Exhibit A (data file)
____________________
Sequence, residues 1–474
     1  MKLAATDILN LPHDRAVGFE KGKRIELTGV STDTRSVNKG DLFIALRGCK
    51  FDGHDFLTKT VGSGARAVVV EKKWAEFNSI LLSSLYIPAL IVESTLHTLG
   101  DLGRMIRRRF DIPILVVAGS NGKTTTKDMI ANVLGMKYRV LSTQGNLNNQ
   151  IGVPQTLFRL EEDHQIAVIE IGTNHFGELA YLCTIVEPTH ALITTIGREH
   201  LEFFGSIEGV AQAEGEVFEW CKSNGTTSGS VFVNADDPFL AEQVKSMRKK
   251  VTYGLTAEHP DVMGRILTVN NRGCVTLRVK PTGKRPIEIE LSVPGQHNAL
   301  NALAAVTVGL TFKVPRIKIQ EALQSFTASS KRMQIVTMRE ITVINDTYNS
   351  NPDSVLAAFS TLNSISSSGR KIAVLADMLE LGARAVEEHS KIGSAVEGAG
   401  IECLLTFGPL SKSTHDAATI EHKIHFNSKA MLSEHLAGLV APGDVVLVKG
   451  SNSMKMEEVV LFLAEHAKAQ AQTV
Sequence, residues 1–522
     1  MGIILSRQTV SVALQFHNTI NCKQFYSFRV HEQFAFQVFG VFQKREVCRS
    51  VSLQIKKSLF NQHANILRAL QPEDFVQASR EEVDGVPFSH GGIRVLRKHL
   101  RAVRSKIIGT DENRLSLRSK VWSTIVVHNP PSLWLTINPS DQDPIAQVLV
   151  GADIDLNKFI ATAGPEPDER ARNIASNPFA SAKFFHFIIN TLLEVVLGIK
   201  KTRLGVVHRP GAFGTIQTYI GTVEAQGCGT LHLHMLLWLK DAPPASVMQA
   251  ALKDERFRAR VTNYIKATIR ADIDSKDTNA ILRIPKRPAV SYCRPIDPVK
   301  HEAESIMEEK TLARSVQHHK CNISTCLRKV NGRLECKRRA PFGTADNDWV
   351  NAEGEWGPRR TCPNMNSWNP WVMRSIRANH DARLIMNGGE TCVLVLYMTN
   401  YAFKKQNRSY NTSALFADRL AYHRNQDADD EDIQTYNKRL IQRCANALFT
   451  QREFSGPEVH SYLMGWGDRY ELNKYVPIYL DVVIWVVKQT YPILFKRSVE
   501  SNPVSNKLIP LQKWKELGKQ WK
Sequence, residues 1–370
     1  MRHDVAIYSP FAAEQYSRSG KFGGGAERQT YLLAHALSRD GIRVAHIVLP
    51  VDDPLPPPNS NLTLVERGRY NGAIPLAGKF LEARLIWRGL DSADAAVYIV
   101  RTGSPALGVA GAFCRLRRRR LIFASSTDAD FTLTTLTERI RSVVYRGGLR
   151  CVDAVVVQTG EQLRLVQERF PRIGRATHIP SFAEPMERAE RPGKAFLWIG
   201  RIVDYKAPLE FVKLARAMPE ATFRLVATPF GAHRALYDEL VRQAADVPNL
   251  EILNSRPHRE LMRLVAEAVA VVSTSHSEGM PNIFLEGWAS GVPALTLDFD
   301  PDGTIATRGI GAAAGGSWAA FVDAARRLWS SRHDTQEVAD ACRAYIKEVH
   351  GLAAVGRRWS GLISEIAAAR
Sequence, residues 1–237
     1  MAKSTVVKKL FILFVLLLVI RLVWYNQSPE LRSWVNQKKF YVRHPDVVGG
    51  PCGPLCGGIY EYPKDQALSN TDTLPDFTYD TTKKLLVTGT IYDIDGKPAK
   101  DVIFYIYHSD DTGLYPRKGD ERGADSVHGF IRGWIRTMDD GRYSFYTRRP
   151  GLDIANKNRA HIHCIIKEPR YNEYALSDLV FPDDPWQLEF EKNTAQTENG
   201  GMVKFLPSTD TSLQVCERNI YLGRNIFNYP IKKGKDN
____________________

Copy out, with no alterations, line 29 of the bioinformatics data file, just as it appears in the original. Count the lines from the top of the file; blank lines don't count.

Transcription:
   201  RIVDYKAPLE FVKLARAMPE ATFRLVATPF GAHRALYDEL VRQAADVPNL